Seated on the couch at her Bowenpally residence in Secunderabad, Vijayalaxmi is groggy. It’s close to midnight on Saturday, well past her bedtime. But the 53-year-old makes sure that she is wide awake and glued to the television set. Far away at Sabina Park in Kingston, her son Hanuma Vihari is approaching his maiden Test century. He had come close in the previous Test in Antigua, before falling short by seven runs. Vijayalaxmi would take the blame for his son’s misfortune then. “During the first Test (in Antigua), I couldn’t stay up all night to watch him bat, which is why he couldn’t score the century,” she says. This time, Vijayalaxmi was taking no chances.
On Saturday, when Vihari nudged Kemar Roach to mid-wicket, it was the most important single he had ever taken. That run brought up his first Test century, a moment of pure, unbridled joy for the 25-year-old, in his sixth Test.
Vijayalaxmi was overwhelmed with emotion. This was the moment she had been waiting for ever since she and her husband, G. Satyanarayana decided to let their son follow his dream of becoming a cricketer. However, not having the husband by her side made that moment a bit heart-wrenching.
Unsurprisingly, her son would dedicate this knock to his late father. “My father passed away when I was 12 so ever since, I have decided that when I play international cricket, I want to dedicate my first century to him,” Vihari would say after scoring 111. “Today is an emotional day and I hope that he is proud wherever he is and I’m really happy that I have managed to achieve that.”
As Vijayalaxmi watched Vihari score his maiden Test century, memories of her five-year-old son rattling names of cricketers from the Caribbean would flood her mind. “He was barely five, but even then, he knew the names of all the cricketers from West Indies. Lara, Chanderpaul, Ambrose, Walsh, Ramnaresh Sarwan, Franklyn Rose, Dillon… he would keep taking their names,” she reminiscences. It’s only fitting that he notched up a century against this team two decades later.
Vihari spent his early childhood in Manuguru, a mofussil town on the banks of the Godavari river known for its collieries. His father, an engineer by profession, was employed with the Singareni coalfields. The Singareni staff quarters were home for Hanuma and his elder sister Vyshnavi. Interest in cricket was ignited in Vihari by his uncle R. Prasad, a software professional based in Hyderabad, and his mother Vijayalaxmi. The two would devour all the matches aired on television and even the bulk of the discussion at the dinner table would centre on VVS Laxman’s exploits against Australia and how Rahul Dravid kept finding ways to score runs in England.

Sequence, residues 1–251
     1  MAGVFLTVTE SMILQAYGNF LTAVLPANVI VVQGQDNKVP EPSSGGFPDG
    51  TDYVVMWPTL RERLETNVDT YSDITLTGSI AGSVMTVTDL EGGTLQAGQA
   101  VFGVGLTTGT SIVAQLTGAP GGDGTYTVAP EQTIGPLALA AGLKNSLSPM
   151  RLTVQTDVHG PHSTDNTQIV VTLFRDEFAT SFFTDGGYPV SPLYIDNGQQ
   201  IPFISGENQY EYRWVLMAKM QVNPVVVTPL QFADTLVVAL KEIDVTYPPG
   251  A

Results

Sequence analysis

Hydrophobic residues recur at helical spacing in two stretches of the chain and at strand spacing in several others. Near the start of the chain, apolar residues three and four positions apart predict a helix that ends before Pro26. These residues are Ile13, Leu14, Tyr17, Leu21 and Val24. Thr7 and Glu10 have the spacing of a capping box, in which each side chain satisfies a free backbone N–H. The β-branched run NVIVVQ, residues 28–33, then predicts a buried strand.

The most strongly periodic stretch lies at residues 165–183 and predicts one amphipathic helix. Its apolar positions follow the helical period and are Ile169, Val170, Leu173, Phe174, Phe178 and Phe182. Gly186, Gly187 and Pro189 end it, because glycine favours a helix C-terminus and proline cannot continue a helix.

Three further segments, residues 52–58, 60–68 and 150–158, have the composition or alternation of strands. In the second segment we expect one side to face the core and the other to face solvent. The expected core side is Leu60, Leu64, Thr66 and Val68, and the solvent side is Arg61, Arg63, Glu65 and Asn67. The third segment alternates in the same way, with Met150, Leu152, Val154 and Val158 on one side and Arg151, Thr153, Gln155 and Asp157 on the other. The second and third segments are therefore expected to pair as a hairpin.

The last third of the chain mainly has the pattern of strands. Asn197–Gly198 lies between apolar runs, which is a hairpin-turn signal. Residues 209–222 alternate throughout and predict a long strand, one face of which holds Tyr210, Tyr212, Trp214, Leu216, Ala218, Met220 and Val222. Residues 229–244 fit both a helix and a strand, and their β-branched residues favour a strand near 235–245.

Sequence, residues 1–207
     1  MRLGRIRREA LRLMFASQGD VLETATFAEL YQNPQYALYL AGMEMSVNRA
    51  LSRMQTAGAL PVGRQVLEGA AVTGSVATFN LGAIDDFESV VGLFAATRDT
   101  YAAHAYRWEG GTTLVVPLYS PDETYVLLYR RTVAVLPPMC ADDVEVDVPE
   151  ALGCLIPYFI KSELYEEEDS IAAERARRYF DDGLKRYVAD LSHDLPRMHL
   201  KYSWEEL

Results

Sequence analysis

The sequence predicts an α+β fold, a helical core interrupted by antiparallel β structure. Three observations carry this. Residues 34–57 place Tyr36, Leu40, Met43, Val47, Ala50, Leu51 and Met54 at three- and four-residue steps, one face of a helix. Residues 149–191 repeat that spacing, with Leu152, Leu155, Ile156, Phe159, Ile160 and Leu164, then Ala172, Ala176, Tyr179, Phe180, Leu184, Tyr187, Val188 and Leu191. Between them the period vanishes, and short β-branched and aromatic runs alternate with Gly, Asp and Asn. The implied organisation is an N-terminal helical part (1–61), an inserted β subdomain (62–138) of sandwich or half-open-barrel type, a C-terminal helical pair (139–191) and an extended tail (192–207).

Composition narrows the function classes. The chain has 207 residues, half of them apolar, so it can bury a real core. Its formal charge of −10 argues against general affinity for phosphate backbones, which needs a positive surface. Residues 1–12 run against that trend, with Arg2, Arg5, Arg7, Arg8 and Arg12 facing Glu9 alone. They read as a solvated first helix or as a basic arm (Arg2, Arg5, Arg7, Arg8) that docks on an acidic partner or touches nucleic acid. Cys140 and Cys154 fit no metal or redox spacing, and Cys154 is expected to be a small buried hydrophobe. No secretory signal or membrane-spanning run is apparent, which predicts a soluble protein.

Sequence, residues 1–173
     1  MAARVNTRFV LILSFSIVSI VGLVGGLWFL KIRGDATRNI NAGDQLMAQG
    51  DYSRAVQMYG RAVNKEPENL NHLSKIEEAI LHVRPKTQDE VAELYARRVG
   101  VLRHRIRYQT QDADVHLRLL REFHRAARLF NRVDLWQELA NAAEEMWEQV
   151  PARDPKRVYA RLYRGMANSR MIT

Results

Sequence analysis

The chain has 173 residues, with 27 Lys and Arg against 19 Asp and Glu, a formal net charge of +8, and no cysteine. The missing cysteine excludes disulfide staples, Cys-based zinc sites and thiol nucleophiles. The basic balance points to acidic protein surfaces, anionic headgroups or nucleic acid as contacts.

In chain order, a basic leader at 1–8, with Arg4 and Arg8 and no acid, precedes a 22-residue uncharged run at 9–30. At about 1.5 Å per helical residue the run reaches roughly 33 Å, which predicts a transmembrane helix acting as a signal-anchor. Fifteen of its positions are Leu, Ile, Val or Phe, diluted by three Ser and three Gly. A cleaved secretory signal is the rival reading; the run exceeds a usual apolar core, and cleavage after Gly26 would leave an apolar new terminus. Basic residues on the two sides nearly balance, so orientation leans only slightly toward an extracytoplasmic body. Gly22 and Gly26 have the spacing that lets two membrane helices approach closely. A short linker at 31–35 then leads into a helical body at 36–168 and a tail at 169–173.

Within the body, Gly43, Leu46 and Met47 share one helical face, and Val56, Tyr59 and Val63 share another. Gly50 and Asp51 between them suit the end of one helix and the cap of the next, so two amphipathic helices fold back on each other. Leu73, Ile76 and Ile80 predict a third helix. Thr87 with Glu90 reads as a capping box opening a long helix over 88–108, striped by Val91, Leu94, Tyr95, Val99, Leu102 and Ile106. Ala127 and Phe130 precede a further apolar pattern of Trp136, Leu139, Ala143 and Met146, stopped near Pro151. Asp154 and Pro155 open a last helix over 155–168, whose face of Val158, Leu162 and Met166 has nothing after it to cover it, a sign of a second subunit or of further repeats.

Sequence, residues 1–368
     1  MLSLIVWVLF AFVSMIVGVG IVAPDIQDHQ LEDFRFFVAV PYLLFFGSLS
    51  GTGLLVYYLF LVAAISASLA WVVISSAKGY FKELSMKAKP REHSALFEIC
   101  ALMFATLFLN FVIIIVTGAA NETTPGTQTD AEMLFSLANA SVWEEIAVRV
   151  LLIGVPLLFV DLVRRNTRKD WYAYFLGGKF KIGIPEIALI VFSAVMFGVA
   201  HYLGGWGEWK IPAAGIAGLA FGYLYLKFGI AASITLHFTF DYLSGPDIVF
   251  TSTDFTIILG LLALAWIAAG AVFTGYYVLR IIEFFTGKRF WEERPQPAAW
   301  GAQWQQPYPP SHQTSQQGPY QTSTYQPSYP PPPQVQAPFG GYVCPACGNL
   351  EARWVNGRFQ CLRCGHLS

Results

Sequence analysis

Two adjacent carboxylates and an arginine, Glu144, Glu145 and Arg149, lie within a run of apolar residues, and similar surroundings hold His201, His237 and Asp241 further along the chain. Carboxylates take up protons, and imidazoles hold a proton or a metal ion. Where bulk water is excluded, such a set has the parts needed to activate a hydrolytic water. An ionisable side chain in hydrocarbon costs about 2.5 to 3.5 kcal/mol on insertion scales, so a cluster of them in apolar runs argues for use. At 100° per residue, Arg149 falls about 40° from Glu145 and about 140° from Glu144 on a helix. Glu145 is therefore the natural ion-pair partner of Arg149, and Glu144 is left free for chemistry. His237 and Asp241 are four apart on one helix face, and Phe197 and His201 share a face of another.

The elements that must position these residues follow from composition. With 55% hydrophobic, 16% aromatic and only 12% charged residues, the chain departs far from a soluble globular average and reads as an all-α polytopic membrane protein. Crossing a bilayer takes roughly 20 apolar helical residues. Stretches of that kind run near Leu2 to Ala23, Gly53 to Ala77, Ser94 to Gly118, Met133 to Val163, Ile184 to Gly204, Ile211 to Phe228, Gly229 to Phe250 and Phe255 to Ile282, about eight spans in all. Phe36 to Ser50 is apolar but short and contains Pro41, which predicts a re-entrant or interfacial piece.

On his uncle’s insistence, Satyanarayana decided to let his wife and children move to Hyderabad so that his son could pursue a career in cricket. Vihari was barely eight when Prasad got his nephew enrolled at St John’s academy in East Marredpally, Secunderabad. Under the tutelage of R. Sridhar, his cricketing career began to take shape.
“It was my father’s decision to get us shifted to Hyderabad so that my brother could pursue cricket. All this while, my father decided to stay back at Manuguru. Looking back, my father made a lot of sacrifices to see his son become a cricketer, and my brother acknowledges this fact,” says Vyshnavi.
Cricket would consume the bulk of Vihari’s time, which meant that after graduating from St. Andrew’s High School in Secunderabad, he didn’t give much thought to college or higher studies. “He kept graduating on the cricketing field though, representing the school at U-13 level, and then Hyderabad till the U-19 levels. Two years ago, he shifted to the Andhra team in Ranji Trophy,” his sister informs.
A prolific scorer
As Vihari continued to amass runs on the domestic circuit, the success didn’t alter his personality. He would still remain calm and level-headed with the steely resolve to play for India. This is something Jim Crapnell, the head coach of Hutton Cricket Club would attest to. He had watched India’s No.6 batsman from close quarters for two seasons — in 2014 and 2015 — when Vihari joined them to play club cricket in England.
“He stayed in my house for a while and would do his thing quietly without creating a problem for anyone. He was friendly to youngsters and was a determined lad who would practice for hours,” was his assessment. Even then, there was one particular trait that got Crapnell’s attention.
“Initially, I found him calling his mother often. At first, I thought it was a case of a young kid who was homesick. By the end of his stint here, I realised that it was more about him taking care of her. His was a very close-knit family,” he adds. When Vihari was selected for the Indian squad for the England tour, Crapnell would tweet: “My finest piece of recruitment to date.”
Vyshnavi calls her brother an innocent boy consumed by cricket. This is why his over-the-top celebrations after reaching the century on Saturday came as a surprise to her. “He is not the sort of a guy who would show a lot of emotion. But this was his first Test century,” she quips.
Back home, Vijayalaxmi’s phone has been buzzing incessantly. In the midst of attending to calls from relatives and well-wishers, she only wishes she had her husband by her side in their moment of pride.